The approach has been undeniably successful. With only 15 people on staff, they have managed so far to raise funds for both low-tech equipment like tank armor and Kalashnikov upgrades, all the way to high-tech devices like robotics and night vision scopes.
“We have raised more than 140 million Hryvnia (US$5.36 million),” said Riabokon.
Not being military themselves, the People’s Project reached out to the military to find out the exact specifications of the equipment the troops most needed, Riabokon explained.
“We have people who have good contacts with commanders on the frontline and we ask them what they need. We analyse these requests, before also talking with the Ministry of Defense,” said Riabokon. He said the feedback from the front line has been “great,” but, as to how their contributions have been used on the battlefield, Riabokon says that is being kept secret.
After overcoming the initial challenges to provide the most basic equipment to troops, People’s Project soon aimed their sights higher.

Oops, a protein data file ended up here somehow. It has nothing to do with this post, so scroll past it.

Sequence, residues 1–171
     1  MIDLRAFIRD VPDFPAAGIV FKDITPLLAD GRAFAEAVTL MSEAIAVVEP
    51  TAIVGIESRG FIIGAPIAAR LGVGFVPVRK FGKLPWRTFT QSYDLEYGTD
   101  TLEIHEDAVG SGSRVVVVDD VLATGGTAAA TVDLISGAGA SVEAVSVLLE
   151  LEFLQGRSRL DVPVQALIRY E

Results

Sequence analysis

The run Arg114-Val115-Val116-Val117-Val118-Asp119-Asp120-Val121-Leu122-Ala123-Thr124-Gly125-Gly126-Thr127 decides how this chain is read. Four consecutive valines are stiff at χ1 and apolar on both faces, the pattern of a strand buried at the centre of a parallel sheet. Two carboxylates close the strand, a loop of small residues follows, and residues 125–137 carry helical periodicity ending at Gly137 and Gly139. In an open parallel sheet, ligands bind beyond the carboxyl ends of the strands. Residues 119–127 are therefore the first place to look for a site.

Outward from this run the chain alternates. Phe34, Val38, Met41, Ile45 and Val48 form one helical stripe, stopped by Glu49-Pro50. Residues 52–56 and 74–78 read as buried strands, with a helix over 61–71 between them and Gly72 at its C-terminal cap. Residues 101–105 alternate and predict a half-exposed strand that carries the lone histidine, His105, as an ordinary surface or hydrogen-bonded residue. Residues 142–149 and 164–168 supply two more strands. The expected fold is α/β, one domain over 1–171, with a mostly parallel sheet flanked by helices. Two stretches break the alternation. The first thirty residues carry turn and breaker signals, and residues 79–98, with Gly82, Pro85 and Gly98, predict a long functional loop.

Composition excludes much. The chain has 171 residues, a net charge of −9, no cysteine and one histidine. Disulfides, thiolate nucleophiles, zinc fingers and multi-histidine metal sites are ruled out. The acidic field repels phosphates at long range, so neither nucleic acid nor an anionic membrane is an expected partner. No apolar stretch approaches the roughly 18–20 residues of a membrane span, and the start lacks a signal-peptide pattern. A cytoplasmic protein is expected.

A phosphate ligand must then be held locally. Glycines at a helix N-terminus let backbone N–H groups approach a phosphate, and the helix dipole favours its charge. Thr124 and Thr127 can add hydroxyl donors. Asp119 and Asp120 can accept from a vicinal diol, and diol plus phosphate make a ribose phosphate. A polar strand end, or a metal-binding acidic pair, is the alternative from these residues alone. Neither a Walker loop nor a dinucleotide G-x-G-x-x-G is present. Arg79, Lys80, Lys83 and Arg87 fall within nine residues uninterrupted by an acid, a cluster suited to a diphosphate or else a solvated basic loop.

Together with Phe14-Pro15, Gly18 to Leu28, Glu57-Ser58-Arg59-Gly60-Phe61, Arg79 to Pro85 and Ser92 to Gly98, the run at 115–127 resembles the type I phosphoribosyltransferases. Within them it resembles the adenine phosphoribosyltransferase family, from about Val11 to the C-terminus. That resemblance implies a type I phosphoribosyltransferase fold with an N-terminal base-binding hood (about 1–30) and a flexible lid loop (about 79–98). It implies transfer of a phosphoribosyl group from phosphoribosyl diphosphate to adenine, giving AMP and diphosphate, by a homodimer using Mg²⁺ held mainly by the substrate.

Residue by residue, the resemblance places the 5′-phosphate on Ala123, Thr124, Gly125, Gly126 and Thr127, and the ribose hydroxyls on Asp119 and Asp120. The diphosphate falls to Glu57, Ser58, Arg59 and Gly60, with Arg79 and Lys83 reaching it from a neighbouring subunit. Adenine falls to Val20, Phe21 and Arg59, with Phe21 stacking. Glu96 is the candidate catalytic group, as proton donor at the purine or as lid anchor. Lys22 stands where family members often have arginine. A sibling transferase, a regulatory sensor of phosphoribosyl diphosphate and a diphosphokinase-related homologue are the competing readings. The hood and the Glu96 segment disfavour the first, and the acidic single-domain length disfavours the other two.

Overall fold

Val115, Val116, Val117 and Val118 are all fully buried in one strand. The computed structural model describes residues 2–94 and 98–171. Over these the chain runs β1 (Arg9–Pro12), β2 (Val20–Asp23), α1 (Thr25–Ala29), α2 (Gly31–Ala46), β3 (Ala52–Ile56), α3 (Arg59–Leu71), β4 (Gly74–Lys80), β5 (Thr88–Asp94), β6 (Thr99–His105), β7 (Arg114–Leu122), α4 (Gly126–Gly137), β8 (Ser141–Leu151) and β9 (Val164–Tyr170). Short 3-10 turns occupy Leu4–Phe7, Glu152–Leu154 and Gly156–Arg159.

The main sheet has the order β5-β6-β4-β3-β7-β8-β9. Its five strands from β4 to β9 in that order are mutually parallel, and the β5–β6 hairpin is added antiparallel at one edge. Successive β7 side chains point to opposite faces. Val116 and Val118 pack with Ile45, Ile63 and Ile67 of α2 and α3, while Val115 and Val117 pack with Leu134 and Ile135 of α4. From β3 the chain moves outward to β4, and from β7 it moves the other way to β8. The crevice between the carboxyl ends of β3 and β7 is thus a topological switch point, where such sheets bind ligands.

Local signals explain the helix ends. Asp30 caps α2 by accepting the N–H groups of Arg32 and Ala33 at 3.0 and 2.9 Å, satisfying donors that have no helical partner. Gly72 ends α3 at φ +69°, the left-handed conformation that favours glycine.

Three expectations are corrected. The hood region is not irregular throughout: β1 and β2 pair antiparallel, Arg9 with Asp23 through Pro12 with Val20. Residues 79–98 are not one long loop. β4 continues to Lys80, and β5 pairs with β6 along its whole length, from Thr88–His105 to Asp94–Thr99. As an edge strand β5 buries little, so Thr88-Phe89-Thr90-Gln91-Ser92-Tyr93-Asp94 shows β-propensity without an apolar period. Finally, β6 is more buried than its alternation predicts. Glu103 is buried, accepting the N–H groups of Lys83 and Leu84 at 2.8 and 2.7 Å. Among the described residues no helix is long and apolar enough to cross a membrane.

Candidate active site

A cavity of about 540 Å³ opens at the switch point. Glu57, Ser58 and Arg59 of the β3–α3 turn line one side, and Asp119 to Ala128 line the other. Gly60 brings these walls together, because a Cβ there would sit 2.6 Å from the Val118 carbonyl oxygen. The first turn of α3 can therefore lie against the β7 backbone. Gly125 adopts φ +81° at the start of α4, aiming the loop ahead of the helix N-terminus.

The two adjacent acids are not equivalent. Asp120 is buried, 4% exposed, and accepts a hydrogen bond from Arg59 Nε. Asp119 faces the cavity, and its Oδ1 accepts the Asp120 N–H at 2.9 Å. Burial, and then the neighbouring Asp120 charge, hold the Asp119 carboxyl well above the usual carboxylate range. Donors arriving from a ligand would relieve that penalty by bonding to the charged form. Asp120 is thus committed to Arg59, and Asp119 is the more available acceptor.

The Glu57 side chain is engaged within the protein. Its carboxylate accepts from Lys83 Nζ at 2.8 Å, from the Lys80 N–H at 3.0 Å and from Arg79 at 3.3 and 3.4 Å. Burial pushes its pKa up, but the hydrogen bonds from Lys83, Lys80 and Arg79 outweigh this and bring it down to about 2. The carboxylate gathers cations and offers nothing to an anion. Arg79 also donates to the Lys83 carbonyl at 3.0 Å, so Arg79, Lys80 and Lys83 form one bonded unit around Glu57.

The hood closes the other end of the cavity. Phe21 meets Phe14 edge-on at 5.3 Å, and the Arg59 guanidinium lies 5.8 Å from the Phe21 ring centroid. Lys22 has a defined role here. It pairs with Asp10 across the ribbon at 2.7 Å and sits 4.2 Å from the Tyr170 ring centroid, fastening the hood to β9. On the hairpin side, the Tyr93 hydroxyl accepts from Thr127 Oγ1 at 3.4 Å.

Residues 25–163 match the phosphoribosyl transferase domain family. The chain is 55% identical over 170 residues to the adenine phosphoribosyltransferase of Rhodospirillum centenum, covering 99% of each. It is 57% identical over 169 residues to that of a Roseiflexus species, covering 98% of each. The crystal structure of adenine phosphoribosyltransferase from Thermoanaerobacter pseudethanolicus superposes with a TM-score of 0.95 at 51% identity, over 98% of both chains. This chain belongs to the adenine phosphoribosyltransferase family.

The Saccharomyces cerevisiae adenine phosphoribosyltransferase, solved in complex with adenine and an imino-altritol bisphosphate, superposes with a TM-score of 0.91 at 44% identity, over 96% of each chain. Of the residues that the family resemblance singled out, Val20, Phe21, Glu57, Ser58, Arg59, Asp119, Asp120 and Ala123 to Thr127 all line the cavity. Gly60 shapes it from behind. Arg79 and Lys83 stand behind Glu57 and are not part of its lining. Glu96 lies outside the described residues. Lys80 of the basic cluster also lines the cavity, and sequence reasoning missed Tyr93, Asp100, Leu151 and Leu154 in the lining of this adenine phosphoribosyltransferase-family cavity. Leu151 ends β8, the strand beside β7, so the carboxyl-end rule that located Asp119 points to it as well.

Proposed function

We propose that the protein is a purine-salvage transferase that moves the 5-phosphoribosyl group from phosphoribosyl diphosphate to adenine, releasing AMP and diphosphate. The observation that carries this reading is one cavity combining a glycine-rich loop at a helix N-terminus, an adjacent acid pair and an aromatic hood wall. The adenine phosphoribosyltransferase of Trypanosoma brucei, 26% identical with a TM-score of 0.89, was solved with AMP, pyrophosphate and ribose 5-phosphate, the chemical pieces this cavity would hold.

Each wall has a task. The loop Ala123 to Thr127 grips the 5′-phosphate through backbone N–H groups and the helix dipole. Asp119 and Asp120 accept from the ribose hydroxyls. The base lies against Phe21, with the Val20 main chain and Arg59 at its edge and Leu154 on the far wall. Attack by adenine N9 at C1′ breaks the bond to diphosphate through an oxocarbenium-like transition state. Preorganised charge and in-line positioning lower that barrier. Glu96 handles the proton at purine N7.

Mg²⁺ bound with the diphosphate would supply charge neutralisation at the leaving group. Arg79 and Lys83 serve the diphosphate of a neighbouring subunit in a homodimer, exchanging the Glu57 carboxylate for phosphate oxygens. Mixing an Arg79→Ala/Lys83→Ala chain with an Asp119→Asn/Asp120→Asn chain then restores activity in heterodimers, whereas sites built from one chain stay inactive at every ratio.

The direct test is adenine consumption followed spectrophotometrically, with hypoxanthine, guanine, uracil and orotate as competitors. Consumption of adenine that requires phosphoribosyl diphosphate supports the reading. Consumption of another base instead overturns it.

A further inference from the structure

Taking to the skies
Seeing the revolutionary role drones were playing in conflicts around the world, the group took it upon themselves to supply the Ukrainian military with drones of their own. The army did have some drones on hand, but they were very old and used mainly as targets for training. Some of the volunteer battalions used consumer drones bought on the open market in the first few months of the war.
“…even a toy copter with a camera saved many lives, allowing soldiers to locate enemy positions from the air,” said Jacob Cereteli from Ukrspecsystems, a company working with People’s Project on developing the UAVs (Unmanned Aerial Vehicle).
People’s Project considered consumer drones, but realized the unencrypted communications would be a massive liability to Ukrainian troops. Military drones, they found, were prohibitively expensive.
“After we tried to arrange a purchase of a real military UAV solution from several companies in Europe and U.S. […] our team decided to go to the next level and build a our own military UAV,” said Cereteli.